Unique art forms, novel styles of craft, and very special artisans – all these come together to create the remarkable Bengali Patta chitra.
Bengal has a rich folk tradition, product of the innovative resourcefulness of her people. Bengali artists developed different arts and crafts at different stages in history, both for recreation and livelihood. One of the outstanding forms of traditional folk art is scroll painting or patta chitra which emerged and flourished all over Bengal in the late medieval period and continues to flourish even today. Its survival has been helped by its wonderful capacity to blend tradition with changes in taste and fashion.
Scroll painting is more a craft than an art. In the past, the scrollpainters variously called patidars or patuyas, inhabited separate localities, mostly rural, and formed guilds of their own to protect their interests and help each other in every possible way. The craft received popular patronage in those days, although the patidar community was never an affluent one. In order to enlist larger patronage, the patidars moved from door to door showing their pictures, accompanied with narrative songs of ballads explaining the themes depicted. They either composed the versus themselves, or collected them from folk singers in an attempt to impress their customers. The paintings were also sold to art lovers and people who simply bought them to beautify their homes. As a means of augmentation of their income, the patidars also made clay image and terracotta dolls.
Today, scroll painting has lost its glory to the burgeoning modern entertainment industry. Consequently, the lot of the patidars has suffered a serious setback. Their number has shrunk to a negligible figure, and those who still carry on this craft as a vocation live in dire poverty and inconceivable misery. Their efforts to popularise the craft by making use of current topics and important modern personage seem to be of little avail. However, scroll painting as an art may endure, thanks to a revival in interest for traditional craft forms. Yet the patidars as a community of scroll painters stands on the brink of extinction.
The scroll painters gleaned their themes mainly from ancient Indian mythology and the mangal kavyas of medieval Bengal. The Puranic gods and goddesses like Siva, Chandi, Manasa appear repeatedly in their pictures. Scenes from the Ramayana, the Savitri-Satyavana episode from the Mahabharata, the Behula-Lakhindara episode of Manasa-Mangala and the Kamale Kamini vision of the Chandi-Mangala are common themes. In modern times, they have used important historical events and cult figures to cater to contemporary tastes. Episodes from India’s struggle for freedom hold sway in modern scroll paintings. This is a clear proof of the ability and flexibility of the painters to move with the times.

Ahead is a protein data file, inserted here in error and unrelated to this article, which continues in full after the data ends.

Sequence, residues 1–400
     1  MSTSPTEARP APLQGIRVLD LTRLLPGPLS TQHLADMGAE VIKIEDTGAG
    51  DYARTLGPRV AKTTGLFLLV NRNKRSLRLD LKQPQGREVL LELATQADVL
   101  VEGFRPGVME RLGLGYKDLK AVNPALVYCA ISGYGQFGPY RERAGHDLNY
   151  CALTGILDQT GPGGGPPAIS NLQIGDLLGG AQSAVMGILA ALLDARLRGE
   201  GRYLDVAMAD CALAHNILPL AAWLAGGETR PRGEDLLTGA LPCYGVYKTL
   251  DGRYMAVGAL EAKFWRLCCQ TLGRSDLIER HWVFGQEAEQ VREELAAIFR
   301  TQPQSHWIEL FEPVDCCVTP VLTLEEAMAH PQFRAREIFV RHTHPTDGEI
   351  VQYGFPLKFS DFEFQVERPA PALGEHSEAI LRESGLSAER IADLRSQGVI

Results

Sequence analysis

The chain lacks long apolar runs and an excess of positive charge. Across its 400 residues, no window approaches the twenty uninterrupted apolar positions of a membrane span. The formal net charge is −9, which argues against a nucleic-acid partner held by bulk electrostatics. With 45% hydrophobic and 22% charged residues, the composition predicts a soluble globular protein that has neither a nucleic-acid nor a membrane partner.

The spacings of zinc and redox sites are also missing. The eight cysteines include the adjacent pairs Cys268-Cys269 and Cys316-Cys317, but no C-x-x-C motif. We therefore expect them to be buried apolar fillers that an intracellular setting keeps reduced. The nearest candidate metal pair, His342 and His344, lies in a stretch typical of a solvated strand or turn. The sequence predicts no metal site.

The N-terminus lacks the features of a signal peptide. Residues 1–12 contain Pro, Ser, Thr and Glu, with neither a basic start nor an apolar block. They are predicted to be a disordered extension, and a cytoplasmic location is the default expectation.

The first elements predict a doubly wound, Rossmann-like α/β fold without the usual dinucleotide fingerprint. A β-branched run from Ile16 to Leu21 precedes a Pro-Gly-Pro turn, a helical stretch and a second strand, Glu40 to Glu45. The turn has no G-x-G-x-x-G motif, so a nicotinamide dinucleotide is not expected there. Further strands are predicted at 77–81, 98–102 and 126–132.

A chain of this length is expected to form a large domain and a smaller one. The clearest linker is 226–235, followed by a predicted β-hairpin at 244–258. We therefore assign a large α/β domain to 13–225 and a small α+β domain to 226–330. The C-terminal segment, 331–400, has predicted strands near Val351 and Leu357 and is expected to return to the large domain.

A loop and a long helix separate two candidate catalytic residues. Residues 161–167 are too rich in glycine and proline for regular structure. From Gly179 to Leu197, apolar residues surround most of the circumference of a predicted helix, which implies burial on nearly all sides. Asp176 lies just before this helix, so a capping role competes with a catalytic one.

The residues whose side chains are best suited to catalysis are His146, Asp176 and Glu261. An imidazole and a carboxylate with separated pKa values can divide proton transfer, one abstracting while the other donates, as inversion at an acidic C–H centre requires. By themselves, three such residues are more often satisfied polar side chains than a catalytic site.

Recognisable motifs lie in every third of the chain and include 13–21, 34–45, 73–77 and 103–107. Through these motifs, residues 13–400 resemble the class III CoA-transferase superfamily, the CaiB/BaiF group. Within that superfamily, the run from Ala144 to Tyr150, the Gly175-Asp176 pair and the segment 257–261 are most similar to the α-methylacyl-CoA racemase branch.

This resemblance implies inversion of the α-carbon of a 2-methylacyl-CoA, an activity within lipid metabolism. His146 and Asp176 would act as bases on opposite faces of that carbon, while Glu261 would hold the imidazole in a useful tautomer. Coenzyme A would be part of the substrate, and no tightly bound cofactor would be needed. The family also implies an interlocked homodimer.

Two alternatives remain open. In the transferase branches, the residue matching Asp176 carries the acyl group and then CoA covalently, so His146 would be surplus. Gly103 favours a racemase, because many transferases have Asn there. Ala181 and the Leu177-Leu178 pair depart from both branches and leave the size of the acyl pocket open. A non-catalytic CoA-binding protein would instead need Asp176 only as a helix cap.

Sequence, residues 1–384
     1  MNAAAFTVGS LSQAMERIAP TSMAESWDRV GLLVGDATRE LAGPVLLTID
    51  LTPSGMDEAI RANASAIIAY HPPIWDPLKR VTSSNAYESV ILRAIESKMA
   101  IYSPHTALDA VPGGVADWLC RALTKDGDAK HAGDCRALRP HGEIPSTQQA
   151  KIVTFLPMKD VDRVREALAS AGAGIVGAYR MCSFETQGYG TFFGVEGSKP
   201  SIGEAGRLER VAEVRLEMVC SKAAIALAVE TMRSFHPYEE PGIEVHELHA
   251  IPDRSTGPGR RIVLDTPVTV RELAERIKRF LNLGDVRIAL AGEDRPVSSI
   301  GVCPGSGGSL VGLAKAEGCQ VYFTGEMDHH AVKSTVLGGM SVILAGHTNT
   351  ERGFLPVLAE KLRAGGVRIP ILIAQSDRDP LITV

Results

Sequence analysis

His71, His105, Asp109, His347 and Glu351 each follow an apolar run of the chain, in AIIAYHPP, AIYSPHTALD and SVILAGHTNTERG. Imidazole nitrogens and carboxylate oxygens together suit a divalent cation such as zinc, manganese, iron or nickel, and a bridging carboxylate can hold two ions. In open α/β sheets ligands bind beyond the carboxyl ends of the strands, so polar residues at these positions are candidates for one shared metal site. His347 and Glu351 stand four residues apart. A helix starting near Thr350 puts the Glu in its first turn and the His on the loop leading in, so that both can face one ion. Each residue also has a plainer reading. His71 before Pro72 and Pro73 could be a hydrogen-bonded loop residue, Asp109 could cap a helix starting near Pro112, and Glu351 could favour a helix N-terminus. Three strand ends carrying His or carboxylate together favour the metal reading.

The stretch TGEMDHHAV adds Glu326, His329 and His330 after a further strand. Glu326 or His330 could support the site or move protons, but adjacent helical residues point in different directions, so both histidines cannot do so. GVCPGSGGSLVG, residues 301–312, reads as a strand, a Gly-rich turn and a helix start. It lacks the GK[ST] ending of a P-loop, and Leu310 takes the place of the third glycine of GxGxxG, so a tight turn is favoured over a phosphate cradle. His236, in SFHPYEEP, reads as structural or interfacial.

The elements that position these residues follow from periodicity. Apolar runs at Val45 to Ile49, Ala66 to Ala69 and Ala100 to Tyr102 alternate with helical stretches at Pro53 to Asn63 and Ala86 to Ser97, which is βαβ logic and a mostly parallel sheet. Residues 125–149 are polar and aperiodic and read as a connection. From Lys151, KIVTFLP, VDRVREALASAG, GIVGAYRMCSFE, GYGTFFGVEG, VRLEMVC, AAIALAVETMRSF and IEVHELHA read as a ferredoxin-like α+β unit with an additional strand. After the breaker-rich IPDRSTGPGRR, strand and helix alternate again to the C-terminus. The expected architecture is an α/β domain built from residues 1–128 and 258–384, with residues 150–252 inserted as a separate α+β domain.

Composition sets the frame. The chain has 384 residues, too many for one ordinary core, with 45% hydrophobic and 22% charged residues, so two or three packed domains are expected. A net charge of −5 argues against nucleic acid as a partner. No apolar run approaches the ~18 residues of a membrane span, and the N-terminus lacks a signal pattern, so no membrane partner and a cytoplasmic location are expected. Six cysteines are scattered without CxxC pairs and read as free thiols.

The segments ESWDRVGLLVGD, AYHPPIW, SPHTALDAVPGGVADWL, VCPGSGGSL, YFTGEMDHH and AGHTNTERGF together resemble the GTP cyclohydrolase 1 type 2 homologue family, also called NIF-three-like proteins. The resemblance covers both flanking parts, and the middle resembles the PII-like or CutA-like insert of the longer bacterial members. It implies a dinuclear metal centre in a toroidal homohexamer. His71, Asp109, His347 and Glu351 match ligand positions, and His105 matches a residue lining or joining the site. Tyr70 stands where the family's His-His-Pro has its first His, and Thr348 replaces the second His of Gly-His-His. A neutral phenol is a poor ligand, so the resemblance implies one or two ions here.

The style of the painters varies from place to place and group to group. Generally, they depict heavy monumental figures of deities with rich ornamentation in bright deep colors with the intention of making an immediate and abiding impact on the minds of the simple rural folk.
The Kalighat patas mark a modern development in this field. They use the old style with bold outlines and broad modelling, showing their distinctveness. Most modern painters, however, employ less ornate styles and use light water colors to create a certainserenity and sobriety, reflecting an awareness to live up to changed modern tastes. Another style of pata painting is current in Vishnupur, which appears to be more lyrical than picturesque, the figures being drawn for no real iconic effect. For instance, a scroll depicts the Goddess of Learning-Saraswati- seated on a throne in a lotus pond with the sky above her head sketched in shades of appropriate color. A halo heightens the grace of the goddess.
The scroll generally consists of a piece of paper of equal size pasted to it on one side. Two wooden rods are attached at two ends of the scroll to facilitate smooth and quick folding and unfolding. Sometimes durable paper scrolls are also used, as in the case of the famous Kalighat patas.
A noteworthy fact about the patidars is that they transcend religious barriers. Though most of them are Muslims, they use Hindu gods and goddesses and the stories from Hindu mythology for their art. They also observe Hindu marriage rites. Many of them have Hindu names by which they are commonly and affectionately known. Thus, they offer a unique example of religious tolerance. This wonderful intermingling of Hindu-Muslim cultures is, of course, a familiar feature in many parts of rural India.
Scroll painting forms an integral part of the Bengali culture. It has not only popularised stories from Indian mythology in Bengal, but has served to generate, among its people, a sense of oneness with the rest of India as well. Patta chitra has great charm and grandeur, in addition to a flavour of creative imagination. It has tremendously enriched our folk culture and the skill displayed by the painters is simply astonishing; patta art speaks volumes for their innate gifts, which compel spontaneous admiration. It is a pity that the limited numbers of patidars, who still follow their traditional craft in a few pockets, have been languishing on account of social neglect and lack of appreciation. They no longer go from door to door displaying their paintings, as they did in the past. Today, they mainly depend on the sale of their works to art lovers and research scholars.